If you follow my blog, you’ve probably heard me talk about ‘Control Girls‘. I, myself, am a Control Girl, but I’m asking God to take the ‘control’ out of the ‘girl’. And though he’s gradually answering my prayer, sometimes I stumble right back into my ugly, sinful, controlling patterns–which always makes me feel horrible.
I won’t go into the whole story, but suffice to say, I was rude to a man who works at the library. He was trying to get me to the checkout before closing, and I was busy trying to find the perfect audio book for our 14 hour car ride. He was trying to control me, and as a rule, Control Girls do not like to be be controlled.
So, I was rude. Very rude.
And then 30 seconds later, after I walked out of the library, I felt horrible. So horrible that I gushed my misery to my daughter all the way home. And then didn’t sleep well. And then I woke up the next morning thinking about how rude I had been.
So, as soon as the library opened, I called the man to apologize. Which is not something Control Girls generally do.
I was talking to a friend recently about a ‘Master Control Girl’ that she works with. This woman has no idea how much pain and frustration she causes others because of her controlling habits. While she’s extremely dedicated, invested, and exceptional in her work, she’s also demanding, unreasonable, and domineering. And the one thing she never does is apologize. In all the years they’ve worked together, my friend has never heard this woman utter the words, “I’m sorry.”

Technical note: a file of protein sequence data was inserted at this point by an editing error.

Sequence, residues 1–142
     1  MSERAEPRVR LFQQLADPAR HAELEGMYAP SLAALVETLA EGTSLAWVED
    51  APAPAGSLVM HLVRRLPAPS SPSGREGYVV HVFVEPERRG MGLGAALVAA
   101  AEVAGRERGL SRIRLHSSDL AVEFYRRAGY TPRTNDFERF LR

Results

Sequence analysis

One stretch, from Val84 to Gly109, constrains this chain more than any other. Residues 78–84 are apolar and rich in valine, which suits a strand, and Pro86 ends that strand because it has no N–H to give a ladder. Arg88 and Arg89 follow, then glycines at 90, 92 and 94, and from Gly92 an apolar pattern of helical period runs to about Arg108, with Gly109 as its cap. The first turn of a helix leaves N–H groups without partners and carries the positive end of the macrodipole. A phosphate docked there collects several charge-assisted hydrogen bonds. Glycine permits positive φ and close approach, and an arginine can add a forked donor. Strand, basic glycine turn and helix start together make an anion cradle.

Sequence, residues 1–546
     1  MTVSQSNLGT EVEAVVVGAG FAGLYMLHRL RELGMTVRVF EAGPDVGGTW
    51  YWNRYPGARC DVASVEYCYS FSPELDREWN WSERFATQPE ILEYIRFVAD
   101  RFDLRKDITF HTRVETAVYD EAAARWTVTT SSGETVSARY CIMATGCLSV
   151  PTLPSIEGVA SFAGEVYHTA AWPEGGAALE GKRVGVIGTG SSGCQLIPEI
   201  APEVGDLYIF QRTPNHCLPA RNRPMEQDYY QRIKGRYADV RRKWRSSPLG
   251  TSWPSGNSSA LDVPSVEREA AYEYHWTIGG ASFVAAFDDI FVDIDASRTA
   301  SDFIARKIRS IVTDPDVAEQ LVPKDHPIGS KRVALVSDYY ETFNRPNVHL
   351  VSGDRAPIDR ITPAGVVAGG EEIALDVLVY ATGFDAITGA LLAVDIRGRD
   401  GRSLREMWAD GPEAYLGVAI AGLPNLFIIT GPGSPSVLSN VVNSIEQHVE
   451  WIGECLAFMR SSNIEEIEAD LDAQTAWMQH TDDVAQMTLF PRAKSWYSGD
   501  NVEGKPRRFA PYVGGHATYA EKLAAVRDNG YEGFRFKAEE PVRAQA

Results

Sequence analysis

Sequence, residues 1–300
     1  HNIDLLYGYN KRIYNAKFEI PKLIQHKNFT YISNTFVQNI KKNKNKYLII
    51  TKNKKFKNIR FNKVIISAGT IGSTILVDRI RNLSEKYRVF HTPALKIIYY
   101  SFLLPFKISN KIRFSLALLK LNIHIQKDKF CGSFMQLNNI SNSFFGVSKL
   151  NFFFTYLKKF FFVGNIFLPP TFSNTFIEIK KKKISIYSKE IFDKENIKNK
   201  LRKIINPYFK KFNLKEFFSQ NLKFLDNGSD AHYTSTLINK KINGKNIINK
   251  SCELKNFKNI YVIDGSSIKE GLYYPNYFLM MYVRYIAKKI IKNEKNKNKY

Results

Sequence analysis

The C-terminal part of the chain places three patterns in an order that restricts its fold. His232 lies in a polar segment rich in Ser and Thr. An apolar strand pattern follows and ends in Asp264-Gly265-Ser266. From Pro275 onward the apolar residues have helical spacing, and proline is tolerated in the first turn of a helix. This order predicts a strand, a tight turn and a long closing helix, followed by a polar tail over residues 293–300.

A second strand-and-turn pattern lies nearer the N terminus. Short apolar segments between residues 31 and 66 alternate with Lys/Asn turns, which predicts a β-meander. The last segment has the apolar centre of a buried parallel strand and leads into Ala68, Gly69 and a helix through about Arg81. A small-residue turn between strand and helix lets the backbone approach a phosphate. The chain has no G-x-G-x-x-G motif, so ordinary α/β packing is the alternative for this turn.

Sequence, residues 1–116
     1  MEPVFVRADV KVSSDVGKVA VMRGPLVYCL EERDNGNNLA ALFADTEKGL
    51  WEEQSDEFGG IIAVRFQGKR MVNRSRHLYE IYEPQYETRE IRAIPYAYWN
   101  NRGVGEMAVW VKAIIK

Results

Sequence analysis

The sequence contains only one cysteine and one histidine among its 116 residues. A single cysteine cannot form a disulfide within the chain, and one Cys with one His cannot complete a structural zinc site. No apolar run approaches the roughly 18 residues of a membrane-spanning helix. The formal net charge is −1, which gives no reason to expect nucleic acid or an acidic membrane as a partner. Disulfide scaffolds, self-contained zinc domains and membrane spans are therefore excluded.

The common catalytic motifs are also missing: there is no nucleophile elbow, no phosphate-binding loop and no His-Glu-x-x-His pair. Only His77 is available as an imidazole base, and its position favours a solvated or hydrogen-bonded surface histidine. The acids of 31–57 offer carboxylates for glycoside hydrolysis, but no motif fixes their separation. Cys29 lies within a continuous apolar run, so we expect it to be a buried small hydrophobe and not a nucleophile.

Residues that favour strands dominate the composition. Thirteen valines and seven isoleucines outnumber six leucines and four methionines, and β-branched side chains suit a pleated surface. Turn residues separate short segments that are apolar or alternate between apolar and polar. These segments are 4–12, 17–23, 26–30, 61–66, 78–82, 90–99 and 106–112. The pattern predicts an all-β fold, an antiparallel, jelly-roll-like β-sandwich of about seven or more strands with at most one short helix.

Control Girls don’t apologize because an apology puts the other person in control. Apologizing is a way of humbly relinquishing control and counting ‘others more important than yourself’. (Phil. 2:3
) (Including those who want to close the library on time.)
My phone call to apologize was just one more step toward change–toward letting God take the ‘control’ out of the ‘girl’. It’s evidence that God is
at work, changing me–that I can be free of my ugly, controlling ways.
Are you a Control Girl who wants to change? Then, consider the chain-breaking power of saying, “I’m sorry. I was wrong.” It could change your situation, and it could change you.
Whom do you need to apologize to, today?